Now, the amount of a basic income is something that different advocates have different opinions about. My position is that basic income should be tied to basic needs. While people's needs differ depending on whether they are disabled or unable to earn another income, the amount should, in a broad sense, cover the essentials. In the U.S., for example, you could tie basic income to the poverty threshold, which is about $12,000 per person. It could be a bit lower or a bit higher, but that's a good ballpark figure.

Would the amount take into account that some parts of the country are more expensive to live in than others?

Basic income would need to be a federal benefit. It would need to be uniform across the United States; otherwise we might have the problem of people wanting to move to higher basic income areas.

Posted by orrinj at 4:38 PM


Israel and Palestinians Locked in Vicious Circle of War, Terror and Occupation (Reuters, July 31, 2014 )

When Israel ended its 38-year ground occupation of the Gaza Strip by withdrawing settlers in 2005, then-Prime Minister Ariel Sharon hailed it as a "disengagement" from conflict with Palestinians in the densely populated coastal enclave.

But the conflict did not end, it only changed.

Israel kept expanding settlements in the West Bank where the Palestinians also seek a state. Hardline Islamists seized control of Gaza in 2007 and periodic U.S. efforts to broker a permanent peace between Israel and the Palestinian Authority under secular President Mahmoud Abbas have proved fruitless.

In the diplomatic vacuum, confrontation has festered.

Israel sealed Gaza in an economically choking blockade and the territory's ruling Hamas movement and other militant factions fired rockets with increasing frequency and range, though not accuracy, into the Jewish state.

Israel in turn has bombarded Gaza countless times from the air and sent in armored columns on occasion to ferret out and destroy rocket batteries and tunnels used to smuggle in arms from Egypt or infiltrate Israel for guerrilla ambushes.

Mediated ceasefires under which Israel pulled out forces and rocket fire abated brought periods of relative calm, only for the two sides to relapse into bouts of bloodshed.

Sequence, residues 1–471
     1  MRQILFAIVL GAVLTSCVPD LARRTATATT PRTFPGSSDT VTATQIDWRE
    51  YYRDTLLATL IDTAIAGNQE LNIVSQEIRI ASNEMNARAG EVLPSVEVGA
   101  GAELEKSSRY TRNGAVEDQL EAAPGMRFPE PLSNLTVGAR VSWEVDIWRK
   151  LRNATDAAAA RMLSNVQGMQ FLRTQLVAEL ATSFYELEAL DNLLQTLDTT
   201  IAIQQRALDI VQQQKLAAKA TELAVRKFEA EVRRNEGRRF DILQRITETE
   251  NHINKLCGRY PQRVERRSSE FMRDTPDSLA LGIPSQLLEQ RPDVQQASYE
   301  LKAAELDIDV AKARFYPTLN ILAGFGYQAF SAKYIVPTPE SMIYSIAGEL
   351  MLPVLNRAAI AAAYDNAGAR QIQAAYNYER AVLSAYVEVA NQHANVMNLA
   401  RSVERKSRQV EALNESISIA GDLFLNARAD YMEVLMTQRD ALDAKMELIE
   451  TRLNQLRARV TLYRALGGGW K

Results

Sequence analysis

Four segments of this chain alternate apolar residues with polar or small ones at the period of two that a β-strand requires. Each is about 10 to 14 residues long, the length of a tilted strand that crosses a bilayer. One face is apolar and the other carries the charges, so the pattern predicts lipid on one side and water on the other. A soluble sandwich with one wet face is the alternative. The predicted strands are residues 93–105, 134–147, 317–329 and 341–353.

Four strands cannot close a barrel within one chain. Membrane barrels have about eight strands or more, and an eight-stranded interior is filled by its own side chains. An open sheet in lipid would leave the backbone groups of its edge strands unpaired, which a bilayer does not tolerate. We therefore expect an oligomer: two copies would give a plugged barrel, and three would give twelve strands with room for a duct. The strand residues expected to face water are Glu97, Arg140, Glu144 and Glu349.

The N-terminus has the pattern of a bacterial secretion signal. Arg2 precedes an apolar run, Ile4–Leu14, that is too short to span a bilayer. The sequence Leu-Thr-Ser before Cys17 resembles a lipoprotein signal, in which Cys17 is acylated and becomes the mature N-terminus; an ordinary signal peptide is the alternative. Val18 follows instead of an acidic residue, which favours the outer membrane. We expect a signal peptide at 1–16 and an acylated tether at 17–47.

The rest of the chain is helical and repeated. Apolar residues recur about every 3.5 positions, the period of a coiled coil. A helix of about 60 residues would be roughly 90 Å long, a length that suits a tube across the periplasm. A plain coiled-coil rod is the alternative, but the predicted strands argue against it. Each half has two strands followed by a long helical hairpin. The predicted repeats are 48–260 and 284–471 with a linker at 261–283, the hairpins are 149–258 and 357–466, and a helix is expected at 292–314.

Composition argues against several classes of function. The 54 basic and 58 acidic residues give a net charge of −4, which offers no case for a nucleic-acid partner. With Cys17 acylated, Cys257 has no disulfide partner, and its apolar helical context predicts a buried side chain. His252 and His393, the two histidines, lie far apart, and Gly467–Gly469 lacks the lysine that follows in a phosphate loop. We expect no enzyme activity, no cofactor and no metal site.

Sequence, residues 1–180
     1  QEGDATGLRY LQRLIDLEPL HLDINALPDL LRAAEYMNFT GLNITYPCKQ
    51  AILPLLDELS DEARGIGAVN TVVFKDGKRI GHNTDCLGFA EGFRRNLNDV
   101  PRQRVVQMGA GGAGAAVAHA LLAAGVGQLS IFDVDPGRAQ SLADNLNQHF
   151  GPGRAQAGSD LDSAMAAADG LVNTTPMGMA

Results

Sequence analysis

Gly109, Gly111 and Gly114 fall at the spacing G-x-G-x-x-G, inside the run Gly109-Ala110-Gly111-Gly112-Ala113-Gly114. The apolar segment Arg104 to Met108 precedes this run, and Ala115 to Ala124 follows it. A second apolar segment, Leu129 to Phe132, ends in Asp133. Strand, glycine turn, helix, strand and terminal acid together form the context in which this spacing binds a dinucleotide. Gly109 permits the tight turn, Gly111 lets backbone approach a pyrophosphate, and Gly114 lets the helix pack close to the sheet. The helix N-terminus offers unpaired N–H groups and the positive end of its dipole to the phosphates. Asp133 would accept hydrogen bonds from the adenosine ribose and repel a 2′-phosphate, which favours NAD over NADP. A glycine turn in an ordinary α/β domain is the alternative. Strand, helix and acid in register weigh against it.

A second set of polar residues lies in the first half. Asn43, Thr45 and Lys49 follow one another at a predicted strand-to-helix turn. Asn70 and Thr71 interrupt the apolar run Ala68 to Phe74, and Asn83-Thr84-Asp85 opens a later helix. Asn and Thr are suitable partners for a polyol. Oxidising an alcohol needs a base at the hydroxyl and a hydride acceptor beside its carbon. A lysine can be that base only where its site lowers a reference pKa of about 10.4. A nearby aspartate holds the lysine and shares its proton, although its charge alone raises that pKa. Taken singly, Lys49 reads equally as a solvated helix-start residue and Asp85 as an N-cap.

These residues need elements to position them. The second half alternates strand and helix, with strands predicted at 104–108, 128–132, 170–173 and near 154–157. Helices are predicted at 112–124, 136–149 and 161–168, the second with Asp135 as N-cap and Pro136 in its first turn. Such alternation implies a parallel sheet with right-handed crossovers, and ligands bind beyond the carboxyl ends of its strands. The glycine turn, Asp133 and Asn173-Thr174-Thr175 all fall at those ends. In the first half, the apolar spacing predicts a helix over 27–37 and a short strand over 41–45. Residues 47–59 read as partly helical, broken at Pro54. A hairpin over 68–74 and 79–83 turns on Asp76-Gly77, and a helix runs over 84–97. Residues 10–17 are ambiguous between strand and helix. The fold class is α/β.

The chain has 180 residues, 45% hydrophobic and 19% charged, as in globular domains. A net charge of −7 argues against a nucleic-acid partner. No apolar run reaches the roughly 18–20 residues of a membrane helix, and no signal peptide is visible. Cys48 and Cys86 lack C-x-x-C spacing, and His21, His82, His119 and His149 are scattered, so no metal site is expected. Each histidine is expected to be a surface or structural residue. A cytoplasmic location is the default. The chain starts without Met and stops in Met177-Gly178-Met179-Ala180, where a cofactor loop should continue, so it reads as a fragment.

Conflict management has won out over peacemaking.

Israel's current Gaza incursion, in which it aims to cripple the Hamas rocket and tunnel threat before Western opprobium over a soaring Palestinian civilian death toll boils over and forces it to pull back, echoes past offensives since 2007.

At least 1,390 Palestinians had been killed in three weeks, mostly civilians in packed urban areas hammered by Israeli air strikes and shelling. The scale of destruction of Palestinian housing and infrastructure is greater than in past offensives.

Israel has lost 56 soldiers and three civilians hit by cross-border rocket fire.

July 30, 2014

Posted by orrinj at 7:25 PM


Here's Proof That the Anti-Abortion Movement Is Winning : Anti-abortion restrictions slowed down in 2014. That's not good news. (Lane Florsheim, 7/30/14, New Republic)

Though the rate of passage for restrictive laws has slowed down this year, in certain states, this is because much of the damage has already been done. In these states, it seems, the pro-life movement is winning. Reproductive rights were one of many issues for which the 2010 midterms served as a turning point, thanks to the wave of newly elected conservative state legislators taking office around the country. "We've seen 226 abortion restrictions enacted over the past four years," Elizabeth Nash, State Issues Manager at Guttmacher, told me. "That speaks to some states enacting multiple restrictions, and perhaps the urgency in some of those states to adopt further restrictions is just not there." In other words, the pace of anti-abortion legislation has slowed down not because the movement has stalled, but because they've already got much of what they want.

Take Arizona. Arizona hasn't always been an overwhelmingly pro-life state; Janet Napolitano vetoed numerous abortion restrictions during her 2003-2009 governorship. When Jan Brewer became governor, however, a dramatic shift occurred. Between 2009 and 2012, Governor Brewer signed numerous bills into law that made several changes to abortion regulations: Partial-birth abortions were banned except when necessary to save the mother's life, notarized parental consent became a requirement for minors seeking an abortion, and women had to meet with a doctor at least 24 hours before a scheduled abortions. The state began to require women to get an ultrasound before an abortion and banned telemedicine abortions. That summary isn't even exhaustive. Though the breakneck speed at which Arizona passed abortion restrictions between 2009 and 2012 hasn't stopped entirely, it has since slowed significantly in the past year and a half. Despite setbacks like its failure to defund Planned Parenthood, the pro-life campaign in Arizona is succeeding. The state currently has seven abortion clinics, down from 19 in 2010.